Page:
Indonesia is known as a Muslim country that has democratic, peaceful, and civilised characters. This is not apart from the role of Islamic mass organisations, such as Nahdlatul Ulama (NU) and Muhammadiyah.
Deputy Minister of Foreign Affairs, AM. Fachir, said NU and Muhammadiyah had significant roles in democracy and peace building in Indonesia, both have also been actively engaged in world peace building.
Becoming one of keynote speakers in an international seminar Islam in Indonesia: Inspiration for World Peace in Senate Hall UGM, Friday (25/1), Fachri said Indonesia was a country active in promoting interfaith dialogue and offering the concept of peaceful Islam.
“Projecting Islam as a Rahmatan lil Alamin (a mercy to all creations) has been done by NU and Muhammadiyah for 15 years. This is done through diplomacy among all religious leaders,” he said. Fachri explained Indonesia continued to offer a peaceful Islam concept to the world. In his views, Islam in Indonesia is facing complex challenges amidst uncertainties around the world. Multilateralism is degrading and the world is losing global leadership. The conditions of Muslims around the world also calls for concerns due to the high rate of illiteracy, unemployment, and low GDP contribution as well as the negative perception towards Islam.
Hence, Fachir called for Indonesian Muslims to maintain the country’s nature of Rahmatan Lil Alamin to the world, Islam which is peaceful and able to thrive amidst diversity. Thus, NU and Muhammadiyah as Indonesia’s largest Islamic mass organisations need to contribute to nurturing these values. “NU and Muhammadiyah have to be the one that binds diversity,” he affirmed.
Former Chairman of Muhammadiyah, Buya Syafii Maarif, said Islam in Indonesia compared to other religions would be an antithesis of illnesses that had caused unrest in other parts of Islamic world.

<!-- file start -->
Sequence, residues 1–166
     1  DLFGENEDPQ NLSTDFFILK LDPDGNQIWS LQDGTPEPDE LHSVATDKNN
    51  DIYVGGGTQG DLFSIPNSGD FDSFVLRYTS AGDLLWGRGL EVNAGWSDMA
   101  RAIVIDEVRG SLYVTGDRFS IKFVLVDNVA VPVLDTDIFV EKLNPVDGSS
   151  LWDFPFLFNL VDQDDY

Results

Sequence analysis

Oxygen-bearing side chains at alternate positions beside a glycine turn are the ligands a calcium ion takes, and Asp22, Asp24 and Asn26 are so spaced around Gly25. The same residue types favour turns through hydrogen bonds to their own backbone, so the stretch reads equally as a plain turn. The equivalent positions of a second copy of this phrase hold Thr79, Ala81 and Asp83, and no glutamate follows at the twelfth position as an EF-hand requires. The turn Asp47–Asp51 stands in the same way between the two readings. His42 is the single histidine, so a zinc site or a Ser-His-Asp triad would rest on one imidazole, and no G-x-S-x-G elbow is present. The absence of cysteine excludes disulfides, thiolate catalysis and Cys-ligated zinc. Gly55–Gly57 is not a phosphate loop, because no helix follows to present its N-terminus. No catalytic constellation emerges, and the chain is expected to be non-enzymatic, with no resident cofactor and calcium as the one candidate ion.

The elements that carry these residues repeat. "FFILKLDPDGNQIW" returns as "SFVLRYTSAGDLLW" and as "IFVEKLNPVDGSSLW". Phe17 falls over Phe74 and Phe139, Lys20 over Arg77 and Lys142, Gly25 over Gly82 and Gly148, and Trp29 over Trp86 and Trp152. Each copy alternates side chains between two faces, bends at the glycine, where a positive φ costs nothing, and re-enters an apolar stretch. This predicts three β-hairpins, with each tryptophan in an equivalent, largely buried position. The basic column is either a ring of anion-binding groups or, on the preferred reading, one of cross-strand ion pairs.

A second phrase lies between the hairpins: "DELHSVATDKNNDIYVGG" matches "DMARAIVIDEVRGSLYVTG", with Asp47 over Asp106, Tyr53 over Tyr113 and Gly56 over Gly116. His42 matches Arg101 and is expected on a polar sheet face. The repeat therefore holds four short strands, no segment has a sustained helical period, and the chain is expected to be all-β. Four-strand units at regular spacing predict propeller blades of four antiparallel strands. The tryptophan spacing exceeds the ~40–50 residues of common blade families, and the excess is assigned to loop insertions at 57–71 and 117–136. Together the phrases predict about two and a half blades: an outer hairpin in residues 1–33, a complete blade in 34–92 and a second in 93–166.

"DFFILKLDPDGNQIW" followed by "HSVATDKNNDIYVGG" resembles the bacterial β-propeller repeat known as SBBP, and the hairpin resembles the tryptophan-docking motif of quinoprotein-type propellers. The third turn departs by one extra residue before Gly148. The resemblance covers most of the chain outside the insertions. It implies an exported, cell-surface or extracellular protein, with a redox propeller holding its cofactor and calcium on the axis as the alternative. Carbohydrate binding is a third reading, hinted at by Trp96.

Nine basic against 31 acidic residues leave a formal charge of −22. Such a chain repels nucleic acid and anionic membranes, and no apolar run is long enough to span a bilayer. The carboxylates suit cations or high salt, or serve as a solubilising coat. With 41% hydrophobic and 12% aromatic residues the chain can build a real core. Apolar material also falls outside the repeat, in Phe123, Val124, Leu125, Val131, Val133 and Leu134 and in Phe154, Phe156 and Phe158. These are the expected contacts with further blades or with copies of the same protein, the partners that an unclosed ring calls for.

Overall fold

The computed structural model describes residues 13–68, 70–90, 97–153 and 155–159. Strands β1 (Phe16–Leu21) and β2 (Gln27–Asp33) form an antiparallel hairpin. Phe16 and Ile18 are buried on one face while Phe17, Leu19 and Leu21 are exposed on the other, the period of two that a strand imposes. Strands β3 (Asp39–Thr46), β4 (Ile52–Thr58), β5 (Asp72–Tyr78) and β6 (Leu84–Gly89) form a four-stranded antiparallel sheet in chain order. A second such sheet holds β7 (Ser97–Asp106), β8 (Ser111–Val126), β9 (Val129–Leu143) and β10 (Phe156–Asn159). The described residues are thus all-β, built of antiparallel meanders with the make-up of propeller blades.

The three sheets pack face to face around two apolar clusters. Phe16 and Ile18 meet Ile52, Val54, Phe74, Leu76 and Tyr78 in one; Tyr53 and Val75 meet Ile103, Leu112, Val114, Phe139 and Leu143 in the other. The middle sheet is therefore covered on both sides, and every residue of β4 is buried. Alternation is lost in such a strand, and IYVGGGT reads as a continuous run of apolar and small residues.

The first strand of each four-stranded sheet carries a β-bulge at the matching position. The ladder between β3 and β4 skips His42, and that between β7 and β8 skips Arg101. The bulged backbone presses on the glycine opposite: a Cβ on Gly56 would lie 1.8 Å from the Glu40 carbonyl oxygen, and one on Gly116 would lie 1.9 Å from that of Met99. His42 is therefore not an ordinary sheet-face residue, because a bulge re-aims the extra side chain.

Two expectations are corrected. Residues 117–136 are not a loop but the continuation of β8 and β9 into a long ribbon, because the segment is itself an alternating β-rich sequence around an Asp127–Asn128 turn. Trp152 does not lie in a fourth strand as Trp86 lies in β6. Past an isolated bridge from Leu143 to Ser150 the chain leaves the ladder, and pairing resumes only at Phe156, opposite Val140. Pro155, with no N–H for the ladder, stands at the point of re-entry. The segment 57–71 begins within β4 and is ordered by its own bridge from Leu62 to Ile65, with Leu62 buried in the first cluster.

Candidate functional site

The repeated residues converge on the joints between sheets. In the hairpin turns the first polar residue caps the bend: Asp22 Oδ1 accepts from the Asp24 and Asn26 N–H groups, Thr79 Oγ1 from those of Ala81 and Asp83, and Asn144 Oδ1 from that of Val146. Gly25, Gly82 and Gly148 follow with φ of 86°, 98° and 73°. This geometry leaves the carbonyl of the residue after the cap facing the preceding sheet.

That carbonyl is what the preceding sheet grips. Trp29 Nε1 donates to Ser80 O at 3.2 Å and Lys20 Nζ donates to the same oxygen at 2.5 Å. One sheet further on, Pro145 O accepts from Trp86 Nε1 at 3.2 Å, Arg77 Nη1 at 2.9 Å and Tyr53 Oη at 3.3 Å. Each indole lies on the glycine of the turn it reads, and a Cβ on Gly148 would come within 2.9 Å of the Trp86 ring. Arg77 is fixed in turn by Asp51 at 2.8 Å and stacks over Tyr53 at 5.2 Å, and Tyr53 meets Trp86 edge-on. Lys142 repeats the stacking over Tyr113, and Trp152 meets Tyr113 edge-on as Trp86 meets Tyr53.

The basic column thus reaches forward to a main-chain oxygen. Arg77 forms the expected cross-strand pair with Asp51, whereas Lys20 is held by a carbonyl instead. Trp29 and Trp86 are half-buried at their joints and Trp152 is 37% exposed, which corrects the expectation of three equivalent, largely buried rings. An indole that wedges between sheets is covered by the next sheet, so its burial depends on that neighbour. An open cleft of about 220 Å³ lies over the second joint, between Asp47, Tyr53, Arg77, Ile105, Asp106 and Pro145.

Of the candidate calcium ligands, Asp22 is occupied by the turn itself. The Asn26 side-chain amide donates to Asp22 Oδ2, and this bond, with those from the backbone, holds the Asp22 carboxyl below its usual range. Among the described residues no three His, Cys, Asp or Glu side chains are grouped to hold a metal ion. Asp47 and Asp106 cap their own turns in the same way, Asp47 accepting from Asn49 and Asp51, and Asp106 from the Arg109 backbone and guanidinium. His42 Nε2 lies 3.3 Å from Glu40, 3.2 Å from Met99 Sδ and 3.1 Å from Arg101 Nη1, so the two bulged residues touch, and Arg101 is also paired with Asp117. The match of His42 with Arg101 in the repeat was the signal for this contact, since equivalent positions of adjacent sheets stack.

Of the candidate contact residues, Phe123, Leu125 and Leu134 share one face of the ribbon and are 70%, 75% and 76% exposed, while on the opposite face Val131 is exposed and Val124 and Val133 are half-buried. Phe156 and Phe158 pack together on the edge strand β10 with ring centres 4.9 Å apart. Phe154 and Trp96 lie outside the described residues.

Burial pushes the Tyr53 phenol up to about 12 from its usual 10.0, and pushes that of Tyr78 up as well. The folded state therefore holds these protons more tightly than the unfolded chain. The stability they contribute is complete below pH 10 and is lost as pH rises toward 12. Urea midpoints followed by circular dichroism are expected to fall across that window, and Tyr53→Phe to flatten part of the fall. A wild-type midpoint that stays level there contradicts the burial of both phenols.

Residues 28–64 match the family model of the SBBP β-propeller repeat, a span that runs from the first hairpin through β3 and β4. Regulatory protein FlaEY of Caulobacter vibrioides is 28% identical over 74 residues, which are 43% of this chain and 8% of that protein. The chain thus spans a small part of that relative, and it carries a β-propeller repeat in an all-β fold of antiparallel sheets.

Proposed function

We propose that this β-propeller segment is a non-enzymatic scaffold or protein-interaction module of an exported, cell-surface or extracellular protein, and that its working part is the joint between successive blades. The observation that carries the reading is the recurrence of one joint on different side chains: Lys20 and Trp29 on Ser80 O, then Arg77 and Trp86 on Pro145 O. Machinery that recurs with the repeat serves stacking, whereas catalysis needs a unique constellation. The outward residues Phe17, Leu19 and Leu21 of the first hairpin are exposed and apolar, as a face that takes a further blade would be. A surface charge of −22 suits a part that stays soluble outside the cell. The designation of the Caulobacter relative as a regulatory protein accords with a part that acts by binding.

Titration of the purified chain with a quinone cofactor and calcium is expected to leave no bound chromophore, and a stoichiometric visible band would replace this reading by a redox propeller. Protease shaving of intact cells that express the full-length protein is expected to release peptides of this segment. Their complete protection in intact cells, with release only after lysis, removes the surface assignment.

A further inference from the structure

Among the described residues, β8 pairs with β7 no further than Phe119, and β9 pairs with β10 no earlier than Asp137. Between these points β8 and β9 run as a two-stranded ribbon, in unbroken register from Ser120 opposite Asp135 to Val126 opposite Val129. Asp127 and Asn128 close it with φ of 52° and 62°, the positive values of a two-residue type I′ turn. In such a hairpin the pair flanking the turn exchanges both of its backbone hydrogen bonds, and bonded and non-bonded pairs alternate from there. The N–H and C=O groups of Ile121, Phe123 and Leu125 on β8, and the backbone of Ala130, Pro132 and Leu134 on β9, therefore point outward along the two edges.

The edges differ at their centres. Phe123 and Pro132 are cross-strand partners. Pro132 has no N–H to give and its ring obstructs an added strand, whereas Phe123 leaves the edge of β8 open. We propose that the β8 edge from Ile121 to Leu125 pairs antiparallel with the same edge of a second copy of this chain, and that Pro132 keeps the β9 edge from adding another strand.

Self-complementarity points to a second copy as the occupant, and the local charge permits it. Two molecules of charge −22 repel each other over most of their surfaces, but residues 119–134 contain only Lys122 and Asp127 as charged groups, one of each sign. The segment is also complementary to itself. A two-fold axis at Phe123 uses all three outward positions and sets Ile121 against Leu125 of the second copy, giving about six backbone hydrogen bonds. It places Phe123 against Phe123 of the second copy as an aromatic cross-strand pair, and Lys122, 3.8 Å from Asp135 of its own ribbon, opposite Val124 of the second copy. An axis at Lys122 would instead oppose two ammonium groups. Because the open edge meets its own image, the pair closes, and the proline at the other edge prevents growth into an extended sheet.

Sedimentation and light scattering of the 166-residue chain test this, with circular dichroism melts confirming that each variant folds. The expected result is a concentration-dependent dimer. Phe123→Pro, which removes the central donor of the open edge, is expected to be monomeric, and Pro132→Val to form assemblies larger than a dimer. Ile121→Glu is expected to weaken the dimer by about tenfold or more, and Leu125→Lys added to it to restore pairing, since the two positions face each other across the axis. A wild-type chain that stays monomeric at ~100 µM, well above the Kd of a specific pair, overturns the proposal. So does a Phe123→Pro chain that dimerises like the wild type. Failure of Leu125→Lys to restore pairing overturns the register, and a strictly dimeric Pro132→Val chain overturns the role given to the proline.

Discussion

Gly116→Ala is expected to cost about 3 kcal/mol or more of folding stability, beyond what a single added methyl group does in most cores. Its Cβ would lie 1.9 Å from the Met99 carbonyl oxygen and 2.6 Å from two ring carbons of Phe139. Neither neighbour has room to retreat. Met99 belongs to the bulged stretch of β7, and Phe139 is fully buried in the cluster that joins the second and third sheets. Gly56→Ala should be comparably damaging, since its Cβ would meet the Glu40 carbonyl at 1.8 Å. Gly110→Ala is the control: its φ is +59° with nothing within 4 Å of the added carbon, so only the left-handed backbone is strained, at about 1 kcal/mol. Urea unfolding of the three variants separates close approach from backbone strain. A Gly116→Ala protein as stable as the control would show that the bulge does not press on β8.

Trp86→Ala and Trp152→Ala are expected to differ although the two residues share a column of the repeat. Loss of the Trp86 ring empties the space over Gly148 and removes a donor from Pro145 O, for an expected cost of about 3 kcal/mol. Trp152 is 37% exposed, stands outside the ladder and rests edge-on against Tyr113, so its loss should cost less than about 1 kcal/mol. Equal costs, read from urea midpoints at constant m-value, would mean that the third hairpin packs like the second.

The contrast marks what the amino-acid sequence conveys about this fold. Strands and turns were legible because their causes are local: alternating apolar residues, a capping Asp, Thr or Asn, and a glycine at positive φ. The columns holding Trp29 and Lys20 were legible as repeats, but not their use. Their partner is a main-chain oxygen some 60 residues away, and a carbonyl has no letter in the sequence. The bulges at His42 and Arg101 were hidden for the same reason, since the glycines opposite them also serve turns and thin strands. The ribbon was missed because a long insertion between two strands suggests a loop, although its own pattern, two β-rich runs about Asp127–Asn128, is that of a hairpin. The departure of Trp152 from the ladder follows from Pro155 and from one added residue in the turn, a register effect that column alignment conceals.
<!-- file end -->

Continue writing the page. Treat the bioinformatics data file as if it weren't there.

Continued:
Meanwhile, former President of Timor Leste as well as Nobel Peace Laureate in 1998, Ramos Horta, also attended the seminar. He delivered his views on democracy and peace process in Indonesia as well as the role of Islamic organisations in it. He appreciated the role of NU and Muhammadiyah that can nurture peace in Indonesia. Both were also seen as able to build peace and democracy at the world level.
Other speakers in the seminar included KH. Yahya Cholil Staquf, Prof. Azyumardi Azra, Prof. Mark Woodward, and researchers from UGM’s Centre for Security and Peace Studies.
The seminar was held to promote the role of Islam in democracy and peace building at the national, regional, and international levels. It also raised Islam in Indonesia as a model that is in line with the values of democracy and peace internationally. Furthermore, the seminar observed the roles of Islamic organisations, namely Muhammadiyah and NU, in the context of democracy and peace at national, regional, and international fora.